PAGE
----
‘Bulldozer’ Sharon fighting for his life

The Bulldozer's life is nearly over

JERUSALEM - Israel's former premier Ariel Sharon, who was fighting for his life on Thursday, was an arch-hawk turned statesman who pioneered plans to redraw the nation's borders and revolutionised its political landscape.
Sharon's health has deteriorated, with his "vital organs" failing, the hospital where he has been housed since falling into a coma on January 4, 2006, said on Thursday.
The 85-year-old politician's extraordinary and controversial career stretches back more than half a century, when he made it his mission to safeguard national security.
He became convinced Israel needed to separate from the Palestinians and unilaterally determine its own borders.
After withdrawing Israeli troops and settlers from the Gaza Strip in September 2005 following a 38-year occupation, Sharon abandoned his rightwing Likud party to form a centrist grouping to fulfil what he saw as a historic calling.
But after he fell into a coma, the Islamist movement Hamas took control of Gaza, having routed forces loyal to moderate Palestinian president Mahmud Abbas in June 2007, effectively setting up an Islamist territory on Israel's border.
Sharon was also known for Israel's controversial 1982 invasion of Lebanon that left around 20,000 people dead.
In 2006, a UN-brokered ceasefire took effect in Lebanon after a 34-day war between Israel and the Shiite militant group Hezbollah, created as a result of the 1982 invasion Sharon directed as defence minister.
Born in British-mandate Palestine on February 27, 1928, to parents from Belarus, Sharon summed himself up in the title of his autobiography: "Warrior".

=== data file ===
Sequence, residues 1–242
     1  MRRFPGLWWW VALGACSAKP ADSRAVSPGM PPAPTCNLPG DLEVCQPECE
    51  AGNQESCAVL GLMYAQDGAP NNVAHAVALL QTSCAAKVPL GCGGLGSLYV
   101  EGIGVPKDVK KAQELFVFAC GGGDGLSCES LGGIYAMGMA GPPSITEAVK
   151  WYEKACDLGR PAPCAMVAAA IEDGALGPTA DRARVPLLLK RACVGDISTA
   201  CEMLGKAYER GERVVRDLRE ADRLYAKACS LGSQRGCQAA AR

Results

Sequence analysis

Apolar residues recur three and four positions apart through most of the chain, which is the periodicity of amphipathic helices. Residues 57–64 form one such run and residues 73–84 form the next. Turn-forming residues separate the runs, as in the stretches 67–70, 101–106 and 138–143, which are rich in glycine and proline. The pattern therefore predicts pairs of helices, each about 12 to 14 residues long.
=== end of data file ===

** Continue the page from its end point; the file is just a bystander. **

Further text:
He was first elected premier in February 2001, just months after walking across the disputed Al-Aqsa/Temple Mount compound in Jerusalem in an action that sparked the second Palestinian uprising.
While his administration was initially seen as the most hawkish in Israeli history, less than four years later it withdrew troops and settlers from Gaza, Palestinian territory occupied in the 1967 war.
Plaudits and implacable enemies
The pullout earned Sharon plaudits around the world, but also made implacable enemies of former friends and allies on the nationalist right.
But nothing could redeem Sharon in the eyes of his Palestinian foes. Shortly after his massive stroke in 2006, Hamas said the Middle East would be better off without him.
Likewise, his critics on the Israeli right regarded him as a sell-out whose strategy helped hand power in Gaza to Hamas.
Sharon first rose to prominence on the battlefield in Israel's wars against Arab states, acquiring a reputation for chilling reprisals and a maverick tendency to do whatever he wanted.
He served as a general in the 1967 Six-Day War and was recalled from retirement in the 1973 Yom Kippur War when he led his troops across Egypt's Suez Canal.
Dubbed "the Bulldozer" for his style and his physique, he is remembered by Arabs as the "Butcher of Beirut" for the massacres of Palestinian refugees at Sabra and Shatila by a Lebanese militia, while Israeli troops stood by.
It ultimately cost him his job -- he was forced to resign after being held "indirectly responsible" for the killings.
But he remained in the cabinet, rebuilding his reputation first as infrastructure and then as foreign minister before becoming leader of Likud in 2000.
In November 2005, he left Likud to form a new party, Kadima, frustrated by the hardliners opposed to the Gaza pullout and any further concessions in the occupied West Bank.
In doing so, Sharon effectively redrew the Israeli political landscape.
His gamble was vindicated in a March 2006 election when Kadima made Israeli history as the first new party to win its first election.
But his personal life was blighted by tragedy. His first wife Margalith was killed in a car crash in 1962.
His second wife, Margalith's younger sister Lily, died of cancer in 2001.
And one of his three sons died in 1967 after being shot while playing with his father's rifle.